By Cody Mello-Klein | firstname.lastname@example.org
Peg Bixler is no stranger to vaccines, so when doses of Pfizer BioNTech’s COVID-19 vaccine became available at Hermitage Northern Virginia, her retirement community, Bixler hardly batted an eyelash.
“I wasn’t hesitant. I just wanted to get it and get it over with,” Bixler said.
Born in Clifton, New Jersey in 1926, Bixler was familiar with medicine: Disease and hospitals have long been at the forefront of her mind even before the pandemic.
Bixler’s father had worked as a nurse practitioner in charge of the communicable disease ward at Walter Reed Army Medical Center in Bethesda, Maryland. Despite her father’s stories of death, food shortages and a lack of bed space – resulting in two men stuffed in a bed sometimes – at an early age, Bixler knew she wanted to work in the medical field.
“I always liked taking care of people,” Bixler said. “Ever since I was 3 years old [my parents] said I told everybody I was going to be a nurse. You don’t go into nursing unless you like it.”
Bixler attended school in Upper Montclair, New Jersey and eventually was able to get the job she had dreamed of since she was 3 years old. Bixler began her eight-year tenure as a nurse at Englewood Health, a hospital in Englewood, New Jersey, in 1944, right in the midst of World War II during a challenging time to be in the medical profession.
“It absolutely was difficult. We didn’t have all the supplies we needed,” Bixler said. “Our hospital was associated with Columbia Presbyterian [Medical Center in New York City] and if they could get some [supplies], we could.”
When Bixler’s husband returned from the war, like a lot of women who had been working during World War II, Bixler transitioned her role as a working woman to that of a mother andhousewife, Bixler said.
Even then, Bixler found a way to take care of people.
In 1952 and 1953, America was facing a different medical challenge: an outbreak of polio. The number of polio cases hit 58,000 and 35,000 in those years respectively, and while the number of deaths that occurred has been eclipsed by those caused by COVID-19, people were worried all the same.
When the first effective polio vaccination campaign commenced in 1955, Bixler was first in line to volunteer and administer the vaccine. Almost a decade before the vaccine became available, Bixler had contracted polio and spent three months in a communicable disease hospital.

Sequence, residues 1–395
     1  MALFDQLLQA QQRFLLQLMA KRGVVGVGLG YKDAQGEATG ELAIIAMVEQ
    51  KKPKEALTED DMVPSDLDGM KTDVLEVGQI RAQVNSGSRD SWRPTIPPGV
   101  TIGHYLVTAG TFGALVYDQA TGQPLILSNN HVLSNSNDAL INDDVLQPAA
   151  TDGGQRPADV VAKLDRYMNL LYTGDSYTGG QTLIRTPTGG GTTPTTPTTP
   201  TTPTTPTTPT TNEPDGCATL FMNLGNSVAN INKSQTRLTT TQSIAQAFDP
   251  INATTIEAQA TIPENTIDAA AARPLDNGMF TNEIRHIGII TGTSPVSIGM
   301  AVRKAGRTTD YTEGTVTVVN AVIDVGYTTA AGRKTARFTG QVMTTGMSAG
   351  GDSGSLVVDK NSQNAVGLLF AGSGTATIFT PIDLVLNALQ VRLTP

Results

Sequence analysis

“I can still hear the iron lungs running,” Bixler said.
Administering the polio vaccine was a big moment for Bixler. It was also, for those now accustomed to injection-delivered vaccines, a very different experience than Bixler’s recent experience with the COVID-19 vaccine.
“The first time I did it, I volunteered at the school my children were at, and the first vaccine was put on drops of sugar cubes,” Bixler said.
The public sentiment around the vaccine was also quite different than it is today. Instead of the hesitancy and fear that some people have expressed when it comes to the COVID-19 vaccine, families were eager to get their children inoculated, partly because it was not administered via a needle.
“All parents wanted their children to receive the vaccine and feared polio,” Bixler said. “… Parents and children got vaccinated right away.”
In her 40s, Bixler returned to nursing, circulating between three hospitals in Passaic, New Jersey before moving down to the greater Washington D.C. area in 1975. Bixler volunteered in the Kennedy Center gift shop for 45 years after moving to the area.
After her move south, Bixler continued to give back to the veterans who had fought during World War II. She was one of more than a dozen men and women who volunteered at Fort Belvoir as part of the Honor Flight program run by the nonprofit Honor Flight Network. As part of the program, veterans are transported to Washington D.C. to visit the war memorial of their respective wars.
Bixler volunteered as an aide for some of the World War II veterans who were brought to the area to visit the World War II Memorial.
In the years since moving to the area and retiring from nursing, Bixler has lived her life to the fullest, she said. She has travelled to every single continent, including Antarctica, although she plays down the accomplishment.
“I’ve been to 199 countries, so I’ve had a wonderful life. Sometimes I get annoyed but nothing much you can do about it,” Bixler said.
With the COVID-19 pandemic still hitting new peak levels of infection, Bixler has a lot to be annoyed about, but, like many residents at Hermitage, she was excited to hear news that the vaccine would be coming to the local retirement community. Bixler was one of 103 Hermitage residents to get vaccinated on Jan. 14.
Although she’s long since retired as a nurse and is now on the other side of the vaccine administering process, Bixler continues to help people.